David Thuku wasn’t the only Kenyan artist creating sketches and a three-dimensional model for consideration by the Villa Rosa Kempinski Hotel which was getting set to celebrate its 120th anniversary since the founding father of the luxury hotels, Berthold Kempinski, opened the first family business back in Berlin, Germany in 1897.
But Thuku was the only artist to come up with a design that was both contemporary and conceptually intriguing as well as being colourful and compatible with the elegant front foyer and lobby of the Hotel.
On the one hand, Thuku’s chandelier-like collection of multi-coloured square frames might be mistaken for a playful children’s toy since nearly all the 120 frames are interconnected like a child’s game.
But at the same time, this intricate assortment of colour-coded geometric forms are carefully hung from the Hotel’s high ceiling so that they seem to be cascading down towards the classical marble fountain situated as the very centre of the foyer.
Thuku calls his hanging installation Cycles of Light which is a title and concept inspired by the hotel’s anniversary theme, namely Ignite the Night.
“It’s a theme shared among all 74 Kempinski hotels, all of which commissioned artwork from a local artist,” says Shikha Nayar, the Nairobi Kempinski’s e-commerce manager.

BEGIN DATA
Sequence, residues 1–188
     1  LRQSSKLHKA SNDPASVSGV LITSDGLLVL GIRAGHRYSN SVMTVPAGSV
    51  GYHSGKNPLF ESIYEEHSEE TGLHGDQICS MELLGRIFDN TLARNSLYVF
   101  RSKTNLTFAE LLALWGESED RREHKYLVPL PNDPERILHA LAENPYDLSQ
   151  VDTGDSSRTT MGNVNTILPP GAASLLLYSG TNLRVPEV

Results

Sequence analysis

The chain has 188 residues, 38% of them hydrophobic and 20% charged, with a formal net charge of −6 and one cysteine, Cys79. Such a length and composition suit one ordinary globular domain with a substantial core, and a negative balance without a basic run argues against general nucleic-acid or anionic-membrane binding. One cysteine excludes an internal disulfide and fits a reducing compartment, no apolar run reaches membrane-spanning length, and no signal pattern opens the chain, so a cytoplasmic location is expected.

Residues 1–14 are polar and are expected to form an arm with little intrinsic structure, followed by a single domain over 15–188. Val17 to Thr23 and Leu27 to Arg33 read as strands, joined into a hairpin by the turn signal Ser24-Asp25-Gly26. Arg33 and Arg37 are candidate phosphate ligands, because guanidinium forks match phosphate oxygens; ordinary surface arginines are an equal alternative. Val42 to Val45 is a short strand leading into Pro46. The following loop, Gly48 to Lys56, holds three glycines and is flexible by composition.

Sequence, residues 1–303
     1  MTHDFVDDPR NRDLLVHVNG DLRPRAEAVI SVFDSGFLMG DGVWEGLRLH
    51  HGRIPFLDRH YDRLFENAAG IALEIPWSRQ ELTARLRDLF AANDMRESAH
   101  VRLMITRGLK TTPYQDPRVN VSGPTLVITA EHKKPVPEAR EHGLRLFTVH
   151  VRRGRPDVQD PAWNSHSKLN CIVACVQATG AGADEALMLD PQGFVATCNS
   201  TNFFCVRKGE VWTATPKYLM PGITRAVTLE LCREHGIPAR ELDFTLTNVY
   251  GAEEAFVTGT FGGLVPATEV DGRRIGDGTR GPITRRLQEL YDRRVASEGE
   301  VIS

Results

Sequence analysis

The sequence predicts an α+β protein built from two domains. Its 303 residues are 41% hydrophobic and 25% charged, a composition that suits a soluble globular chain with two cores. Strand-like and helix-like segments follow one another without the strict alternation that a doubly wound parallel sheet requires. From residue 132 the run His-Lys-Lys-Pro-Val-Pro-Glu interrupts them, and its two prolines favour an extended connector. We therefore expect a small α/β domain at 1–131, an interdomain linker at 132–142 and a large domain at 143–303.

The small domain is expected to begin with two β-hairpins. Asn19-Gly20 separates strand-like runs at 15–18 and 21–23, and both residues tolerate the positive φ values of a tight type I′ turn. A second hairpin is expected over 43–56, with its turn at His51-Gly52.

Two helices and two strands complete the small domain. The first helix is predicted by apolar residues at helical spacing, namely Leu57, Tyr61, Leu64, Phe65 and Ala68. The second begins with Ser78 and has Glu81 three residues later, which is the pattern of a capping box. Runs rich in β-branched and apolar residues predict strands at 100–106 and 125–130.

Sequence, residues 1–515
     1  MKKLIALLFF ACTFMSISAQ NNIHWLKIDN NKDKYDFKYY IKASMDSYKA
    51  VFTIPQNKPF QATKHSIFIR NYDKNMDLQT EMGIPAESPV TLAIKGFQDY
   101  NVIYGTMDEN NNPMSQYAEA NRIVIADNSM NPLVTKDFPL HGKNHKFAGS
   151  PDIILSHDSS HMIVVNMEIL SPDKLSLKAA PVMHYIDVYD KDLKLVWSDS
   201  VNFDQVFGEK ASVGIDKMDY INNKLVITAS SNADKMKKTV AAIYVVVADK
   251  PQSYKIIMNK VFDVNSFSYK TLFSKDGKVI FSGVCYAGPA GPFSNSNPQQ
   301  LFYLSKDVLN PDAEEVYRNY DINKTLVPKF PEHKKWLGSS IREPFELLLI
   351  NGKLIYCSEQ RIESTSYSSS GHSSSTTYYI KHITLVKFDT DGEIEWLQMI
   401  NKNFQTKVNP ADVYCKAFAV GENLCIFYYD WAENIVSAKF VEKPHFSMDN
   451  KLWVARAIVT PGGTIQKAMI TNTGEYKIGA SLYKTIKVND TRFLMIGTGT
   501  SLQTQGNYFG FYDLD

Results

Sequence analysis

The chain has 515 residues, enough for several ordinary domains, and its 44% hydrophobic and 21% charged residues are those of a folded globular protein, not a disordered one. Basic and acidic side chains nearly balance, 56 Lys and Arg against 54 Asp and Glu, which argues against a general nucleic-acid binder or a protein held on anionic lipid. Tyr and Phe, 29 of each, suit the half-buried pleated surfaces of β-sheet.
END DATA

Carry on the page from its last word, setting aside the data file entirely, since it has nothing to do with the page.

She adds that most of the 74 are located in major European cities although a number of newer hotels have come up in Southeast Asia and the Middle East.
As for Africa, the Villa Rosa Kempinski, launched in 2014, is not the first established in the region.
“We have two in Kenya, one in Nairobi, the other in Maasai Mara,” says Shikha. “But we also have hotels in Cairo, Kinshasa, Djibouti and Accra.”
On April 8 at 6:30pm all 74 Kempinski hotels turned on lights meant symbolically to Ignite the Night and illuminate all the artworks created especially for the 120th anniversary celebration.
“At the same time, the [Nairobi] hotel switched on the fountain beneath the ‘cycles of light’ which had a dazzling effect,” recalls Thuku who had carefully hung four six-sided mirror cubes at the base of his ‘chandelier.’
“The effect of the flowing fountain water combined with the four ceiling lights that were simultaneously switched on was something special to see,” adds the artist who says he had help on various details from friends his home studio at Brush tu Art.